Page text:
Arsenal are posh: the fans include judges and lords

And so to Highbury, for my first Arsenal match of the season, in the flesh, or what passes for flesh. I parked outside the massage parlour off the Holloway Road, which I've parked outside for ten years, as there is always a space. Despite bending down and peering, squinting and peeping while locking my car, then checking I've locked my car, I have never been able to see what's happening inside. Black windows, black door, blinds down, no signs of life, no signs of punters. Is it a cover for something? A women's institute, a Sunday school, a political focus group?

I own half a season ticket for Arsenal, for reasons too complicated to go into, and have it for November, December, February and March. It's chance if the good games fall into my half. Last season they didn't. This season I've struck lucky, with some excellent fixtures. Chelsea during the week, Spurs on Saturday, then the big Euro match against Lens at Wembley on 25 November. I get that free. As part of my half season ticket. Life's good. Life's red.

Or is that orange? It could be my eyes, but on Arsenal's big screen, all the Arsenal players appeared to be wearing orange. And so were the books behind Arsene Wenger's head. He gives a little interview, before every match, sitting in some sort of study. I always watch with my head sideways, trying to read the titles, as I do with any TV programme or in anybody's house. I was doing this once at Buckingham Palace while waiting to interview Prince Philip for a radio programme, and the bookshelves parted to reveal a secret door, sending me sprawling.

The tea at Highbury is still only 50p, compared with £1 at Spurs. Well done, Arsenal. The smoked salmon bagel at £1 is good value, although it did taste a bit like smoked plastic bagel. The Arsenal programme is £2, same as Spurs, but the Spurs programme is now much better, after years of being little more than a mail order catalogue. Each has 46 pages, but the Spurs programme is bigger, page-wise, with an eight-page fold-out section in the middle. That must call for some clever printing and arty-farty layout skills. In each case, the contents are bland, not to say banal. It's strange, when we've had fanzines for almost 20 years, some of them brilliant, clever and witty, that official club programmes are devoid of wit and cleverness. I assume football directors will not allow it.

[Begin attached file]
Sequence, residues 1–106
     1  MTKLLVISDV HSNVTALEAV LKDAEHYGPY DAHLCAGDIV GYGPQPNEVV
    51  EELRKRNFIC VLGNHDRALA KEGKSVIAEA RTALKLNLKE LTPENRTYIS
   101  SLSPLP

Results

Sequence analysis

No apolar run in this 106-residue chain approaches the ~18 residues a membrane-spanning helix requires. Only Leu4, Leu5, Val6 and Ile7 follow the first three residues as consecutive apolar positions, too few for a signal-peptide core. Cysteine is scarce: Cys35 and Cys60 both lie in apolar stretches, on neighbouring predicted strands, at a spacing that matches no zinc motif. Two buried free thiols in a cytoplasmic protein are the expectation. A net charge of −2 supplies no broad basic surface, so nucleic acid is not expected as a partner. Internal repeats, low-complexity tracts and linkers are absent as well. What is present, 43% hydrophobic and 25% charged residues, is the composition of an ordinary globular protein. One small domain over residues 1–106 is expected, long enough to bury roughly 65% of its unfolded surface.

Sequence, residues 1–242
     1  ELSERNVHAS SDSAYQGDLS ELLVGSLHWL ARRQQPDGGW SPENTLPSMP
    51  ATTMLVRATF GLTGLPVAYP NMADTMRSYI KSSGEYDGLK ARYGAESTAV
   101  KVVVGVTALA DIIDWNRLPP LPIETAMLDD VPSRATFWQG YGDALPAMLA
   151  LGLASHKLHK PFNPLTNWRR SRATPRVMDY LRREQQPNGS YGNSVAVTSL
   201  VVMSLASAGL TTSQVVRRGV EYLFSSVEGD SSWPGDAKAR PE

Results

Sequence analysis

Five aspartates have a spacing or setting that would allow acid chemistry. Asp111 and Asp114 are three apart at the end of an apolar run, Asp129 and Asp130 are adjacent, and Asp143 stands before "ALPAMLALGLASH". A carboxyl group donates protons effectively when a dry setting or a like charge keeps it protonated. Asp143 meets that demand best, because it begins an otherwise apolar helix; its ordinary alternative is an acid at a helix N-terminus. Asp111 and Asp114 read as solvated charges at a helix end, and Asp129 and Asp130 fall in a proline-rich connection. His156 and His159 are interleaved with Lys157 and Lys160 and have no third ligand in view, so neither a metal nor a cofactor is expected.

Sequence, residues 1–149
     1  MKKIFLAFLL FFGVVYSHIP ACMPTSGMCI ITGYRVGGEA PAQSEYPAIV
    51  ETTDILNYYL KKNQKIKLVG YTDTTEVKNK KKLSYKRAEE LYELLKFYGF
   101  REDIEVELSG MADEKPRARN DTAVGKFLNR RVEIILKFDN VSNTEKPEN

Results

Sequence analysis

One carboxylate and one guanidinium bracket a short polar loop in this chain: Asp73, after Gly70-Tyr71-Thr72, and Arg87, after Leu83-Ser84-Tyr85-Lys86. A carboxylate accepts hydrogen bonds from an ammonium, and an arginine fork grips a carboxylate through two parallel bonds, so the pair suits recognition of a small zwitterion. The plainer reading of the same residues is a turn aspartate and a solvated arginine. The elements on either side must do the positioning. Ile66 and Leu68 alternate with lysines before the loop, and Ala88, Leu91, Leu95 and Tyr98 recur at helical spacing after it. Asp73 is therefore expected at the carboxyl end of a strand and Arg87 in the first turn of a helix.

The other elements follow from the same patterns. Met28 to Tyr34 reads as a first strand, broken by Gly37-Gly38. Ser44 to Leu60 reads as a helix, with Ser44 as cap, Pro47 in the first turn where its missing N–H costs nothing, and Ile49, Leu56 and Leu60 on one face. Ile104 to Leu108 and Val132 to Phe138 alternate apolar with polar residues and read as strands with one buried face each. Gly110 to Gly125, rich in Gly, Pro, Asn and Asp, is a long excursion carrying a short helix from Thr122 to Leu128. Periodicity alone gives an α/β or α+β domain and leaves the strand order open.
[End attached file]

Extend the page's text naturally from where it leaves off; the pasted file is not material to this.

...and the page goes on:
The Arsenal programme is "edited and compiled by Kevin Connolly, MA". You wouldn't have thought it mattered, to know his educational qualifications, but he obviously thinks it does and wants us to know. Or is it a dig at the editor of the Spurs programme, John Fennelly, who hasn't got a degree?

In a way, it's symptomatic. Arsenal has always had aspirations to be a posho, upmarket club. The Hill-Woods, with their Etonian education and aristocratic connections, are clearly a cut above Alan Sugar, who started his business life flogging stuff from the back of a van.

Every time I go to Arsenal I am surprised by the number of Rolls-Royces and Bentleys waiting outside in Highbury Hill, their engines ticking, their uniformed chauffeurs purring. Not the sort of sight you see outside Brunton Park for Carlisle United's home matches. And my Arsenal seat is in the west stand, not the main stand. That's where the directors are, and presumably a lot more Rollsssss, a lot more purrrring.

Around me in Arsenal's west stand, they jump up and shout obscenities at the referee, just as they do at Spurs, abuse the opposition's heavies or star players, moan and groan when their own players are less than committed. But they do seem a bit more, how shall I put it, cultivated than those in the west stand at Spurs.

For example, near me at Spurs sits my good friend Richard Littlejohn. Near me at Arsenal sits my good friend Tony. He's a judge. Known him for 30 years, but only discovered ten years ago that he was an Arsenal fan, which I think was about the time that he discovered it as well. My other Arsenal friend, Lord B, also came relatively late to following Arsenal. Is this the difference between Spurs and Arsenal? Spurs are no longer fashionable, the effects of which will be felt for a generation.

On Sunday in the match against Everton, which Arsenal should have won by four goals, I was surprised to hear criticism of Ray Parlour. A year ago he could do no wrong. Now I heard several voices calling him stupid, without a football brain in his boot. Keown is a hero, still, yet he was a joke figure not long ago.

"Come on Freddy!" Now that is an unusual shout to hear at a Premiership match today. Directed at a player, I mean, not someone's expensive offspring. I can't think of many modern footballers called Fred. Two Marlons have appeared this season. Which is nice. But mostly they are still called Gary and Darren. The Freddy in question was Frederik Ljungberg, Arsenal's new Swedish player. I'd forgotten they'd signed him.

I have at the moment some excellent football books on my shelves, full of excellently trivial facts and stats. When I'm really bored, or fed up, I plan to go through them and compile the top ten Christian names in British football. Can you wait?

I might do it this weekend, as I'm bound to be fed up when I come back from Highbury on Saturday, having watched Spurs get stuffed. But I am looking forward to it, very much. Will the Arsenal crowd boo and jeer George Graham? Or will they be cultivated and upmarket and well bred and give him a gentlemanly clap? Depends on the result, I suppose, which is what matters to all fans, everywhere.

Hunter Davies is a journalist, broadcaster and profilic author perhaps best known for writing about the Beatles. He is an ardent Tottenham fan and writes a regular column on football for the New Statesman.

This article first appeared in the 13 November 1998 issue of the New Statesman, Why gays become politicians